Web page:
You hear the expression all the time–“Getting your hands dirty.” A yuppie call to get in the trenches and act like you’re doing the work, just like the common folk. It’s a trite little phrase used frequently by the likes of Martha Stewart, political figures, and CEO’s who haven’t looked at an assembly line since they inherited one in Great-Great-Uncle Ferdinand’s last will and testament.
Those words–getting your hands dirty–mean something a little different in prison.
In my early days in prison, I remember responding to countless alarms and literally picking up the aftermath of gang violence. Once, in Folsom Prison’s 5 Building, I recall loading a stabbed-up Aryan Brotherhood member into a gurney and his blood was everywhere, on my pants, my hands and all over the tier. Within minutes, the tier was hosed down, and prison life went on. We got our hands dirty.
In prison, unlike the permissive Charter Schools run by the Sisters of the Perpetual Snowflake, there are no safe places where your feelings won’t be challenged. There have been occasional misguided forays into what some called, “prison reform” that tried to repaint the system with empty words and platitudes. Inmates were called “customers” and “stakeholders.” Now, before you think I’m heading down a right wing rant–yes, the system should concern itself with the impact on the lives and well being of those living within it, but not at the expense of public safety.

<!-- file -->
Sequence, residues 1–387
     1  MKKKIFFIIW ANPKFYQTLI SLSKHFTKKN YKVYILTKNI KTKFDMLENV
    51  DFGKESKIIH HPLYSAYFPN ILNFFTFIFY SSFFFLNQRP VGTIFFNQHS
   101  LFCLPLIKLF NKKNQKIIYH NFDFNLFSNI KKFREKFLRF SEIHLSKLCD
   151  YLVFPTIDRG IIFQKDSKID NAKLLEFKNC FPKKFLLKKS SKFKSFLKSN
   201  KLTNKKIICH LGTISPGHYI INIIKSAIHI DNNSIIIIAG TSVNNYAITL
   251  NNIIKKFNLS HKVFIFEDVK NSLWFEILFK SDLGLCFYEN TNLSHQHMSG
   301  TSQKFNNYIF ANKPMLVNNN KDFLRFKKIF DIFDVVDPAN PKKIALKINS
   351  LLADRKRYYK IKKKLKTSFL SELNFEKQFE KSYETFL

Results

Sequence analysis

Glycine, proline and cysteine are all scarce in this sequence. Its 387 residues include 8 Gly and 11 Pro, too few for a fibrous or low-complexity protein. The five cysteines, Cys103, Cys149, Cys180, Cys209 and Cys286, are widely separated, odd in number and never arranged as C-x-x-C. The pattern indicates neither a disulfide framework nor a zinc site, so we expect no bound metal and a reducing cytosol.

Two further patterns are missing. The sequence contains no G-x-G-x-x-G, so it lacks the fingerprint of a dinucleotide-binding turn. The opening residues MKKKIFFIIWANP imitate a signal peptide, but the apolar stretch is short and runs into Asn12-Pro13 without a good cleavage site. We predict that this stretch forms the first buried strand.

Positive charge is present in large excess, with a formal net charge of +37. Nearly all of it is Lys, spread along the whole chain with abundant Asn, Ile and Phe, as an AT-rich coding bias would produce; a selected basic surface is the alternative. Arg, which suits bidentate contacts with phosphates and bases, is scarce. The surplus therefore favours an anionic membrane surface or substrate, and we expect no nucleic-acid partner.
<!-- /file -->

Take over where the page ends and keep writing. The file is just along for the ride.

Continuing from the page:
The “customer” advocates may have forgotten what the prison system is. It is not a place where the socially maladjusted come to for a spa visit to recalibrate their chi. People, for whatever motivated or influenced their behavior, from drug addiction, to mental illness, or the impact of New Jim Crow laws, are sentenced to prison for their commission of a criminal act and they should be held accountable.
The real question is, where should this “accountability” take place? Should everyone go to prison? The voters in California recently said no and thousands of prison beds were emptied. There have been stories of new crimes and violence committed by those who should have been in prison.
The new law is little more than a catch and release program because nothing happens to change the underlying behavior. It was an budget exercise–lets make prisons cheaper. If mental illness, drug addiction, and underlying social issues aren’t addressed early, then why should we be surprised when the criminal carousel continues to dump tragically broken people into the system.
A consequence of open the door legislation, is that the inmate population changes. The less likely to offend, the workers and the “convicts” who know how to do time, all disappear. What’s left behind, are the sick, lame, lazy and critically broken. We are seeing an uptick in prison violence, assaults on correctional staff from this higher risk inmate population. And the cost actually increases. Prison isn’t a place for “customers.”
I’m fully supportive, of intervention, treatment and rehabilitative programs. However, these services, have to be considered more than simply a cure for inmate idleness. Prison may not be the best place to “fix” all of society’s ills. But, most of these convicted felons are coming back to their communities–shouldn’t we have prepared them to reintegrate?
A wise man once told me that we should release inmates in better shape than we got them…
Maybe It’s time to get our hands dirty.